A More Punitive NCLB, but With a Nicer Name?
Yet what the administration is really proposing is even more punitive and will expand the pro-privatization and destabilizing policies represented in its "Race to the Top" slush fund, including school closures, charter takeovers, and/or supposed "turnaround models", where at least half the staff would be fired, to all the nation's lowest performing schools, or else risk having their Title one funds being withheld. From Education Week:
The Title one program was originally created to try to equalize funding for poor schools. But these proposals, if adopted, would apparently be provided only to those schools that put into place the administration's heavy-handed "reforms". Again, from the AP:
Valerie Strauss of the Washington Post accurately portrays the proposed changes this way:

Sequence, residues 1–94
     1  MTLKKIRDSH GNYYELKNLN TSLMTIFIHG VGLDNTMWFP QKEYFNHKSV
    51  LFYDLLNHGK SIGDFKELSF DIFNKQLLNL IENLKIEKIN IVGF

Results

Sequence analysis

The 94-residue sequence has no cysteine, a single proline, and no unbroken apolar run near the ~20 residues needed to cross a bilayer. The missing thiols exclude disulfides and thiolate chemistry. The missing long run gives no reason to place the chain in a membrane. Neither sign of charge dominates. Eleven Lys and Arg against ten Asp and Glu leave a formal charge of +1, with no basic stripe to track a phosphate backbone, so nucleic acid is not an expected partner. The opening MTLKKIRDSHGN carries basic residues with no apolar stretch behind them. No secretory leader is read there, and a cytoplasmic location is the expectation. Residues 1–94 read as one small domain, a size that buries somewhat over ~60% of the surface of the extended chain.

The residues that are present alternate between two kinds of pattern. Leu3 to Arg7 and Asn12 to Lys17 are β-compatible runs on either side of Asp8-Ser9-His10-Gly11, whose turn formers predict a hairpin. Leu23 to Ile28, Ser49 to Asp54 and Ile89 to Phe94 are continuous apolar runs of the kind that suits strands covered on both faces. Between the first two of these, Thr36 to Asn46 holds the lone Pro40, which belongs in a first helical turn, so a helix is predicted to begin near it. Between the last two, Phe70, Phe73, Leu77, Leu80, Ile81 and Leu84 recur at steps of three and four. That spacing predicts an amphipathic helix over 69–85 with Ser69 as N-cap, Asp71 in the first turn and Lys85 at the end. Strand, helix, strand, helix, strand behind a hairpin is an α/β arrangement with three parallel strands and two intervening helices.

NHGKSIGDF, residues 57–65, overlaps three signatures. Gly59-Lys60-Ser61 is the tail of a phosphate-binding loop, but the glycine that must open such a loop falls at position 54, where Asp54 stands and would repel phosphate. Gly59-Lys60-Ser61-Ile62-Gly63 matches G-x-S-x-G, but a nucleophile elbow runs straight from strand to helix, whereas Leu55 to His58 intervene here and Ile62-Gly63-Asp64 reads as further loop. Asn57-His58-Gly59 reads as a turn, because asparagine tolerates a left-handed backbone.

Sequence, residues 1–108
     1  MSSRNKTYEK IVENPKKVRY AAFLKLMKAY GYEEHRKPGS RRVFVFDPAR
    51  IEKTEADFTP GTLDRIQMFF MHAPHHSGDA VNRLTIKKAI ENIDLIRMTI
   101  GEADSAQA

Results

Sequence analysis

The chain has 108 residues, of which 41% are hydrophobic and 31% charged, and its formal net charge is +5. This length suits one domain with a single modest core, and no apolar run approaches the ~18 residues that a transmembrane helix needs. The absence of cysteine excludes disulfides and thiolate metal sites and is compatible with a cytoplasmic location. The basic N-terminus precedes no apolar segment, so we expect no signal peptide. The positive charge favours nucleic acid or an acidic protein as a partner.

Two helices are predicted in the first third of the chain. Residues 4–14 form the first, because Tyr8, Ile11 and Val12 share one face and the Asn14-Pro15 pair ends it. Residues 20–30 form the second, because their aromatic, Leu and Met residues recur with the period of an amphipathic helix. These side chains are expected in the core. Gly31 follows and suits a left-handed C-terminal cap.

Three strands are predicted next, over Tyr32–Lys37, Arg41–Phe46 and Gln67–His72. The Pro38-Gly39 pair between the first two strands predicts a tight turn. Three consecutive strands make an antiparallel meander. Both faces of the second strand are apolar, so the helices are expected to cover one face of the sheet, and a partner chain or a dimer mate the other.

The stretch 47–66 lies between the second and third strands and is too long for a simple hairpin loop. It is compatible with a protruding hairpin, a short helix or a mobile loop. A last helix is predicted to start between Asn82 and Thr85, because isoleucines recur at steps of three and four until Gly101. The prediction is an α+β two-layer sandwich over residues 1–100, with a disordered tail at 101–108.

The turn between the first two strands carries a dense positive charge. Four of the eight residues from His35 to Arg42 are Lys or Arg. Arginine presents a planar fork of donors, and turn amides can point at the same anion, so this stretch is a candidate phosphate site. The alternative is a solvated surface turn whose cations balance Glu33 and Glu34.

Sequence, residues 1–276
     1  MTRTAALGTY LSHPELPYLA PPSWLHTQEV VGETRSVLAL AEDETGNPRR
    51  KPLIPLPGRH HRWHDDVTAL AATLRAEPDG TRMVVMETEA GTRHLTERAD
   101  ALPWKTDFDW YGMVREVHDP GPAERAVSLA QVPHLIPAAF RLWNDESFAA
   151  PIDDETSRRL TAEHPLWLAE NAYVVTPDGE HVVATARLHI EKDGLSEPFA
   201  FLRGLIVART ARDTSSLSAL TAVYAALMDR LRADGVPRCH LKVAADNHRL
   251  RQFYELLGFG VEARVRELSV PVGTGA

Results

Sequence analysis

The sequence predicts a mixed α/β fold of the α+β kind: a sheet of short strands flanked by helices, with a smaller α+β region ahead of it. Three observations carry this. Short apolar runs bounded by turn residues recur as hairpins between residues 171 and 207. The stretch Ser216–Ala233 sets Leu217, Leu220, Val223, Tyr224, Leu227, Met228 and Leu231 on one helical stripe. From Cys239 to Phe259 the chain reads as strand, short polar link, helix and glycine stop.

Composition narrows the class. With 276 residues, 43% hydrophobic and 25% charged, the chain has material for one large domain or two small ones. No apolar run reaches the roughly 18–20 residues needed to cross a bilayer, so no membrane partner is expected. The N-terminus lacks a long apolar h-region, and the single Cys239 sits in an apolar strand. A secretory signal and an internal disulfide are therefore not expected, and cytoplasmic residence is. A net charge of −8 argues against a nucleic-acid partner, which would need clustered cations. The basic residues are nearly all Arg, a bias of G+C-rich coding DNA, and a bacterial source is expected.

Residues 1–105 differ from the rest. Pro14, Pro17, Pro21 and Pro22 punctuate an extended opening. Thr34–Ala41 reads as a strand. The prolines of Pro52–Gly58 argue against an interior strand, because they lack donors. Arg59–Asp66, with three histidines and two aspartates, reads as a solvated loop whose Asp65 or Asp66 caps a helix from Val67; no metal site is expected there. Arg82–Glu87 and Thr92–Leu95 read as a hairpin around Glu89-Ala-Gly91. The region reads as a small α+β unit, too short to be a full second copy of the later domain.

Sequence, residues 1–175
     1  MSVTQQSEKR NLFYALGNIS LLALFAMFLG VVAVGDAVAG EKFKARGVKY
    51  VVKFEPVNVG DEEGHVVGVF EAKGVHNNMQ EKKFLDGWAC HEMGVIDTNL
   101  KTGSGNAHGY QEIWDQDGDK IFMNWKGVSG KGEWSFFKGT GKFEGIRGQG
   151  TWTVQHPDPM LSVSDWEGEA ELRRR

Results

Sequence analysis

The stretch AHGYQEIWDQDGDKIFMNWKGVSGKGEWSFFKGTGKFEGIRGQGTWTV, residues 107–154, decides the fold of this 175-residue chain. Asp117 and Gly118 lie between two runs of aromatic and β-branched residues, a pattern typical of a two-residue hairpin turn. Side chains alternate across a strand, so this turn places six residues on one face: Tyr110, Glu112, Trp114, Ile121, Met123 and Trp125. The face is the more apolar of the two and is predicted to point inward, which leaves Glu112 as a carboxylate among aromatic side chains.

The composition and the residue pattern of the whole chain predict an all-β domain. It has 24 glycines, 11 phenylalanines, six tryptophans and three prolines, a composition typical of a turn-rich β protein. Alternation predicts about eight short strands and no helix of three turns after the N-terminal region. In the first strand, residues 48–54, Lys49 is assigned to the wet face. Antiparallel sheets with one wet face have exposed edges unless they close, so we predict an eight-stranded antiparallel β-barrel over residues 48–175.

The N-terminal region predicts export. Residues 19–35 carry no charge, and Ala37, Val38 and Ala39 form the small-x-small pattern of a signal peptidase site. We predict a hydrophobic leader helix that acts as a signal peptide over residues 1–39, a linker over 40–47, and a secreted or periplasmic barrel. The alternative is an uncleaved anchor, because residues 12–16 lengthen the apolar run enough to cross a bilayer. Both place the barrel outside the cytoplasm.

None of the distorting effects of basing teacher or school evaluation on standardized test scores alone will diminish under this system, even if they are now "value-added" measures, and in fact, would likely grow even more extreme, especially for our neediest schools.
Ignored are the significant methodological problems of fairly basing evaluations on value-added test scores, as pointed out by the National Academy of Sciences and other experts, who have warned of the unreliability of such measures, and their potentially damaging consequences.
In apparent response to complaints that the overemphasis on scores in reading and math in NCLB has driven out other parts of the curriculum, according to the NY Times,
That's generous of them.
Nothing here is likely to achieve the goals that the administration supposedly has to attract experienced, quality teachers to work in our lowest performing schools; in fact, they would be likely to leave in droves, given the increased risks of being judged on unreliable test score gains and/or losing their jobs.
What else? Oh, yes, Duncan will change the name of the program:
Leonie Haimson is the Executive Director, Class Size Matters.
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